Christopher Hitchens, worried about tall buildings carelessly built in the West Village of Manhattan, makes his case for non-gentrification.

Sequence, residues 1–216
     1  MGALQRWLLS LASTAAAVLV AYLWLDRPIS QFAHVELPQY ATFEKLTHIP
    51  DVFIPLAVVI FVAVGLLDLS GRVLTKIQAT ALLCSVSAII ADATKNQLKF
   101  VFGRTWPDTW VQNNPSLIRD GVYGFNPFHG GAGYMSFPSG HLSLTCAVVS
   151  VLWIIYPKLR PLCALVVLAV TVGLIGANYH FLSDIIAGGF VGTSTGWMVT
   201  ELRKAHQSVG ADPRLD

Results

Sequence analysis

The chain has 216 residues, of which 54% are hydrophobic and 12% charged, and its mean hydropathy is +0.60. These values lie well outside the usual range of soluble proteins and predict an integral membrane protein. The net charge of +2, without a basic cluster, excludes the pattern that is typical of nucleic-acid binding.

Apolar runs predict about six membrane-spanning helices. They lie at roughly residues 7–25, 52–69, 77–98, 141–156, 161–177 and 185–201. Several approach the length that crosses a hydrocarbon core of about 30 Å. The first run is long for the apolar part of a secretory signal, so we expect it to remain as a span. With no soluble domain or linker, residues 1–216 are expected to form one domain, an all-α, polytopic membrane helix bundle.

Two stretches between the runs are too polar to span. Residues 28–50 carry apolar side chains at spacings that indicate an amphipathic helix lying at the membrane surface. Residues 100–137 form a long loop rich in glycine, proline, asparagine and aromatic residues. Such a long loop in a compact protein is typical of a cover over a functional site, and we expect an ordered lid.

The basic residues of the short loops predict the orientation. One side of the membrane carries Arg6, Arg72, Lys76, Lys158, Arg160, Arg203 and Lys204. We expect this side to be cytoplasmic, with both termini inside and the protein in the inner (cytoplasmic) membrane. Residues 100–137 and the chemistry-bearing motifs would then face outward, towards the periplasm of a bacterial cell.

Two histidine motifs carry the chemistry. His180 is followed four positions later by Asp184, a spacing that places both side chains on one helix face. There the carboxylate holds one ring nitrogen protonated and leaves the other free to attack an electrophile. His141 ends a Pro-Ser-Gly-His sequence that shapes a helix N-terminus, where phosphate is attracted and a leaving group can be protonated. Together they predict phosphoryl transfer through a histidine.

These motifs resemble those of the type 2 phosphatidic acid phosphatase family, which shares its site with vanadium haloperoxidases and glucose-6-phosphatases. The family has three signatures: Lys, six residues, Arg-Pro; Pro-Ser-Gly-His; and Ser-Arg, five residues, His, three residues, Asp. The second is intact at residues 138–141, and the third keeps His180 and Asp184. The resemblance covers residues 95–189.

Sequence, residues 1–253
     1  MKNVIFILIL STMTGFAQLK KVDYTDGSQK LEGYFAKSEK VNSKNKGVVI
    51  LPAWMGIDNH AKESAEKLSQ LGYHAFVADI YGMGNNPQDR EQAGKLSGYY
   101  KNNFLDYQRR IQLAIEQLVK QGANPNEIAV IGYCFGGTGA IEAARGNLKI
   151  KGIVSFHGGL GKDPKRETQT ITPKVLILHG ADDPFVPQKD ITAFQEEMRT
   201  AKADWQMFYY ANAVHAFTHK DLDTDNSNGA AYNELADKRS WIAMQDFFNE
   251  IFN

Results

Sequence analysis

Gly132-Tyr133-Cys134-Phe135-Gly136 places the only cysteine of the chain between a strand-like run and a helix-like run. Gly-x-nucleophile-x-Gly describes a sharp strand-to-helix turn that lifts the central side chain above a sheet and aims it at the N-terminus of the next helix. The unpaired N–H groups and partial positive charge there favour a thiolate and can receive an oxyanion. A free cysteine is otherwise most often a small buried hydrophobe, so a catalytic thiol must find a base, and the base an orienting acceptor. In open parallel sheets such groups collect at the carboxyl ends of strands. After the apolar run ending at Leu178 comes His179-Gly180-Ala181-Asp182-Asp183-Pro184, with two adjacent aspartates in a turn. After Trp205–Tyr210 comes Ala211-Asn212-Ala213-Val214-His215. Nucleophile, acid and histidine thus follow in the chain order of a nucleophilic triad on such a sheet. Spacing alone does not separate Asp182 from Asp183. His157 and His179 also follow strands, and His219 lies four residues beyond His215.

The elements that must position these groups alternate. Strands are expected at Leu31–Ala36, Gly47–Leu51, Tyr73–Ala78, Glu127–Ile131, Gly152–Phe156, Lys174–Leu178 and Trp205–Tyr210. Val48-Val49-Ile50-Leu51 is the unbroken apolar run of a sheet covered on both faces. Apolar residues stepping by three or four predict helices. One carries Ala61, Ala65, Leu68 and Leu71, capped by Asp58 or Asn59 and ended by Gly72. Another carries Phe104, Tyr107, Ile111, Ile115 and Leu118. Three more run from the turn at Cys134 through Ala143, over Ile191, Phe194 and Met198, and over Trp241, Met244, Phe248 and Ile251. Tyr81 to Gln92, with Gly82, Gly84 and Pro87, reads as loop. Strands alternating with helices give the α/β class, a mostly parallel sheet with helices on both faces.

It isn’t possible to quantify the extent to which society and culture are indebted to Bohemia. In every age in every successful country, it has been important that at least a small part of the cityscape is not dominated by bankers, developers, chain stores, generic restaurants, and railway terminals. This little quarter should instead be the preserve of — in no special order — insomniacs and restaurants and bars that never close; bibliophiles and the little stores and stalls that cater to them; alcoholics and addicts and deviants and the proprietors who understand them; aspirant painters and musicians and the modest studios that can accommodate them; ladies of easy virtue and the men who require them; misfits and poets from foreign shores and exiles from remote and cruel dictatorships. Though it should be no disadvantage to be young in such a quartier, the atmosphere should not by any means discourage the veteran.